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Jo C.
Jo C., Barrister
Category: Law
Satisfied Customers: 71132
Experience:  Over 5 years in practice
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We recently signed a new assured tenancy agreement thinking

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We recently signed a new assured tenancy agreement thinking we would only have to give 4 weeks notice. We have just found out that the agreement is a new one for two years with a minimum of one years tenancy. We signed the contract on the 26th Jan 2014 and need to get out of this contract due to it not being what we thought we had agreed. We have been offered accommodation by our local council. Is there a calling off period for such contracts whereby we can opt out within 31 days of signing?

Thank you for your question. My name is XXXXX XXXXX I will try to help with this.

Did you agree a cooling off period?
Customer: replied 4 years ago.


Thats a problem I'm afraid.

When are you due to move in?
Customer: replied 4 years ago.

We have been here for two years and just wanted an extension while waiting for an offer from the council. We also thought that the original contract that ran out on the 26th Jan would just be extended rather than starting all over again with a minimum of one years occupancy.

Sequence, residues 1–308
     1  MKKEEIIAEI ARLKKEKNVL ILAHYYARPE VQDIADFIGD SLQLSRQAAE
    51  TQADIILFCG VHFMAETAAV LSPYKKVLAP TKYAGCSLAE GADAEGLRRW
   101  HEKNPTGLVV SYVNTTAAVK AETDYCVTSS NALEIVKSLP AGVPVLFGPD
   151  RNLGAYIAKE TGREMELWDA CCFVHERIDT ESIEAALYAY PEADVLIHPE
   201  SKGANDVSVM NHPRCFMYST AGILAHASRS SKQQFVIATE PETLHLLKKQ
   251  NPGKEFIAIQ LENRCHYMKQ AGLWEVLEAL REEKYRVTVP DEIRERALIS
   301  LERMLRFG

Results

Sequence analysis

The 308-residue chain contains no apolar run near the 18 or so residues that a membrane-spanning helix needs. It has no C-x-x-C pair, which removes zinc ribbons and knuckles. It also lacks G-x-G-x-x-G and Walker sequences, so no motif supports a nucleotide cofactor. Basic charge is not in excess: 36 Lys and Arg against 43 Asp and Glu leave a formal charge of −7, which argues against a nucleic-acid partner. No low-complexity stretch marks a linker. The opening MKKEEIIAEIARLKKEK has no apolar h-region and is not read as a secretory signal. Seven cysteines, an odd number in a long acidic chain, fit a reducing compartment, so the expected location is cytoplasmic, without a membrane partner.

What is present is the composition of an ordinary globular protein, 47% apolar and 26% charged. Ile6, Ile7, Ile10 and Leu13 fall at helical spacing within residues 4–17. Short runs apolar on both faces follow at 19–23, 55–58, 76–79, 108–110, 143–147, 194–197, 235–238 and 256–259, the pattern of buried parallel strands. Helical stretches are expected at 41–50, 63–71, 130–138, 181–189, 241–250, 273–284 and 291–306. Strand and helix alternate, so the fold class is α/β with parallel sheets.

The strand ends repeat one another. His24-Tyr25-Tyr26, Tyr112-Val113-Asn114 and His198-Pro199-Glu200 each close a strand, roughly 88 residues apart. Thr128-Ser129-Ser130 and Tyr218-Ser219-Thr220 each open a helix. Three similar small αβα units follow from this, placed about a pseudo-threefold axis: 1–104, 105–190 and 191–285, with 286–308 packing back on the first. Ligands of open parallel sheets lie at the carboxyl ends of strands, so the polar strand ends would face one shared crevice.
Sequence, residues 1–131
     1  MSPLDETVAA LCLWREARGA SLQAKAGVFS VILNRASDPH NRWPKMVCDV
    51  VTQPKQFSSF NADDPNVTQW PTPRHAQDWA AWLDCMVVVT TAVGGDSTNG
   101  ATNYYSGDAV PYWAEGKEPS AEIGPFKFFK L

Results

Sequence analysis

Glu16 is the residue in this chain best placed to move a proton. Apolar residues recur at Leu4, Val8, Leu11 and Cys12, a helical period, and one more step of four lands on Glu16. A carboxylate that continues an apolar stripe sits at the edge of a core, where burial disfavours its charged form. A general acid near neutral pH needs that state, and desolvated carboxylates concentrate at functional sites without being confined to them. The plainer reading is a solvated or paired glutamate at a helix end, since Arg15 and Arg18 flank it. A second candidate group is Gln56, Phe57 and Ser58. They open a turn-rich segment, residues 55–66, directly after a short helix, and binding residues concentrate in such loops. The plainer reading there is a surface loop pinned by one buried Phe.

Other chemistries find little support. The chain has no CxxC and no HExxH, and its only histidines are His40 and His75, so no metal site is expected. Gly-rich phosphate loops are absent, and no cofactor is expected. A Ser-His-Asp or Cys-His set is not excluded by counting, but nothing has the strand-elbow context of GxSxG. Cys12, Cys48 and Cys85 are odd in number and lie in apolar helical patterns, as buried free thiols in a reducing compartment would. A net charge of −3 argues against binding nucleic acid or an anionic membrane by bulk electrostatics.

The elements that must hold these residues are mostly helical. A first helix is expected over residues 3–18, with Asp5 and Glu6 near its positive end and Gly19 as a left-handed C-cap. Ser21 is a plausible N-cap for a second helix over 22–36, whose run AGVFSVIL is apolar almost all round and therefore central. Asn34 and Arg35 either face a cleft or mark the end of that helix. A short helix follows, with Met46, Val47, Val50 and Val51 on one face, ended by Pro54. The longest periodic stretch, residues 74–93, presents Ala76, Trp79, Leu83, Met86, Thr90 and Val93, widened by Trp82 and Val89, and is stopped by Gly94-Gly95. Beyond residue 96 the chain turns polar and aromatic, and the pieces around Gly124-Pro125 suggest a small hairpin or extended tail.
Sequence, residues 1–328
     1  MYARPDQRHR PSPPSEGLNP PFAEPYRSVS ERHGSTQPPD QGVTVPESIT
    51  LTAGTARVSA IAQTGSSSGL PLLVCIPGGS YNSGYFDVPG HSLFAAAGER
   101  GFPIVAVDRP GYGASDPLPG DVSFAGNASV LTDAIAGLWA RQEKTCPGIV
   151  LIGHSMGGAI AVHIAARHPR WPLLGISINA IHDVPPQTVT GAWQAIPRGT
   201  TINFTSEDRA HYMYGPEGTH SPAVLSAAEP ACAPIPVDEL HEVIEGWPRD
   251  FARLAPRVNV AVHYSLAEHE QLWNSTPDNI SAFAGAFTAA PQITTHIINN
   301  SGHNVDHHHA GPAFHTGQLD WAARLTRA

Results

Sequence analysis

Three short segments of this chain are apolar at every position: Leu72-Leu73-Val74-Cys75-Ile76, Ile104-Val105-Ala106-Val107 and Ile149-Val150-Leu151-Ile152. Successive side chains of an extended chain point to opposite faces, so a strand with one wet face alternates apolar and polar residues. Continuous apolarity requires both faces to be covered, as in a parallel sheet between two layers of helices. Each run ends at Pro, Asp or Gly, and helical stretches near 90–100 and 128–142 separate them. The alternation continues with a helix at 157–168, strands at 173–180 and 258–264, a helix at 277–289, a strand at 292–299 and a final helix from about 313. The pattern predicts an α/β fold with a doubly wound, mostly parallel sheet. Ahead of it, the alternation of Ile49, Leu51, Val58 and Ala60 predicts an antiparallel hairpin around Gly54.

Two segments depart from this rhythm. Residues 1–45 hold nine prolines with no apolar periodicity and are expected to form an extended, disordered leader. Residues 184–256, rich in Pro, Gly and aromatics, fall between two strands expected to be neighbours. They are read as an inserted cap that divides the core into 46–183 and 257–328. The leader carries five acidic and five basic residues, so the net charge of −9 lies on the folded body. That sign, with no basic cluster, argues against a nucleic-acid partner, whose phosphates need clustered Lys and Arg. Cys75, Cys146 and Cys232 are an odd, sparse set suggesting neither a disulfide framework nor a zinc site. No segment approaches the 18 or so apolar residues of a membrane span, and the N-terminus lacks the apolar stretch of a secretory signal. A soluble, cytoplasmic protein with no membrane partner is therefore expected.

But when does your old tenancy start and new begin?
Customer: replied 4 years ago.

Old finished 25/01/2014 new began 26/01/2014

Thanks for the information and the time.

I am sorry but I cannot give you good news then. I’m afraid you are in difficulty here.

There are no automatic rights of cancellation with this type of contract. You can agree a cooling off period but unfortunately you didn't here.

If you cancel now then you will be in breach of your AST and, in theory, liable for the remaining months due under the contract.

You could try to negotiate with the landlord. Sometimes they will agree to allow tenants to leave as its in their interests too on occasions.

If that is not possible here then I'm afraid you will be acting unlawfully if you leave early. However the landlord is under a duty to mitigate his loss by seeking a replacement tenant and he will not get forever to achieve that. Realistically, if a landlord is really trying, most properties can be let to another tenant comfortably within a month. You will only be liable up until the time that the landlord is able to replace you which will be nothing like the remaining months due under the contract.

Of course, there is a risk that the landlord will not be able to find a replacement. If so, the Court will ask him to prove that he has looked for a replacement. If he is able to do so to the Court's satisfaction then you would be liable for that period but that is very unlikely.

I'm sorry this isn't the answer you wanted but it is the position that you face and I have a duty to inform you truthfully.

Hope this helps. Please let me know if you need more information.

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